6. New Technology – Designed to enhance jobsite efficiency and worker safety, wearable technology – smart helmets with fall impact detection, smart vests with GPS capabilities and smart glasses that can record videos and receive off-site instructions – are vulnerable to data breaches. Moreover, connected devices like these could distract the workers wearing them or malfunction, resulting in serious or even fatal injuries.

Building a Successful Workers' Compensation Program

Considering the surge in employment and evolving risks, it’s paramount that the pros on the job – from artisan contractors to general contractors – are equipped with workers’ compensation coverage suited to their unique risk exposures.

A strong workers’ compensation program is rooted in sound safety practices. To lower the likelihood of workplace injuries, construction pros and their insurers must work together to prepare their employees for the risks they could encounter on the job. The best place to start is with a comprehensive loss control program. A key part of risk management, a loss control team can identify specific hazards and offer solutions specifically designed to fit the needs of a construction operation.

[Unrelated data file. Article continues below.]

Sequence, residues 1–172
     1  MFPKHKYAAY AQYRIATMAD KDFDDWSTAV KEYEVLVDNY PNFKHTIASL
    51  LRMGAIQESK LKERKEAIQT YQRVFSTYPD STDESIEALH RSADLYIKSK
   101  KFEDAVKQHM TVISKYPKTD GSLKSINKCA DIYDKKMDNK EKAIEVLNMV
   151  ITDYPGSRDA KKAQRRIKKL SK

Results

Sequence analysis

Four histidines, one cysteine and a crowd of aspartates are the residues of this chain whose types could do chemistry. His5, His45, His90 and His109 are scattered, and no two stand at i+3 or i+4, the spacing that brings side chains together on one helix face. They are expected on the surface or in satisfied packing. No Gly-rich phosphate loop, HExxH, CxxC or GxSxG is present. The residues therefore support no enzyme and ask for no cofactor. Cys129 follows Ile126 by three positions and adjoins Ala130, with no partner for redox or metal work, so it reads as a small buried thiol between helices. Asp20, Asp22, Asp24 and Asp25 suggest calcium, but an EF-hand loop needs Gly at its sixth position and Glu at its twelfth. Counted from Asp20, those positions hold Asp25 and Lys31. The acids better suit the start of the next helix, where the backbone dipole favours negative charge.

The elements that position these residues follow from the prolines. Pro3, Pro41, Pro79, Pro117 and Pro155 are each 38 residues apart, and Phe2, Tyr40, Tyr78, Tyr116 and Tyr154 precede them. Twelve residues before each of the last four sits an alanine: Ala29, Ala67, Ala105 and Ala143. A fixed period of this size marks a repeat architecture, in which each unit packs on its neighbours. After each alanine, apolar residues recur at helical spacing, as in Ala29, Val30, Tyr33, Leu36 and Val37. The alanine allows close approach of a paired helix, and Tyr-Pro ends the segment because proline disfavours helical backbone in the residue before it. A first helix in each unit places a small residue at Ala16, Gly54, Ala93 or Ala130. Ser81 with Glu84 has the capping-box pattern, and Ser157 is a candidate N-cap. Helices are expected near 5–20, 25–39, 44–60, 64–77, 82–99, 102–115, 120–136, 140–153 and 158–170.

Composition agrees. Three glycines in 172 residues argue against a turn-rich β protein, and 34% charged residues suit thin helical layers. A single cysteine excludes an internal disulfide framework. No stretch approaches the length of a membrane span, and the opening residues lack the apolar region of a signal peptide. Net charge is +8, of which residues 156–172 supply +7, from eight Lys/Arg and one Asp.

AmTrust policyholders have access to an extensive online collection of loss control resources, from industry-specific training videos and educational materials to links to free safety apps.

Workers' Comp Coverage That Works For Everyone

As the nation’s fourth largest workers’ compensation insurance carrier, AmTrust protects businesses representing more than 350 classes. A Fortune 500 company with an A- (“Excellent”) rating from A.M. Best, AmTrust has the resources and experience to create a customized coverage plan for every customer. Competitive rates, attentive claims management and flexible payment options, including Pay-As-You-Owe, are just a few of the reasons artisan contractors and thousands of other pros have partnered with AmTrust for their work comp coverage needs.

This material is for informational purposes only and is not legal or business advice. Neither AmTrust Financial Services, Inc. nor any of its subsidiaries or affiliates represents or warrants that the information contained herein is appropriate or suitable for any specific business or legal purpose. Readers seeking resolution of specific questions should consult their business and/or legal advisors. Coverages may vary by location. Contact with your local RSM for more information.

Time Zones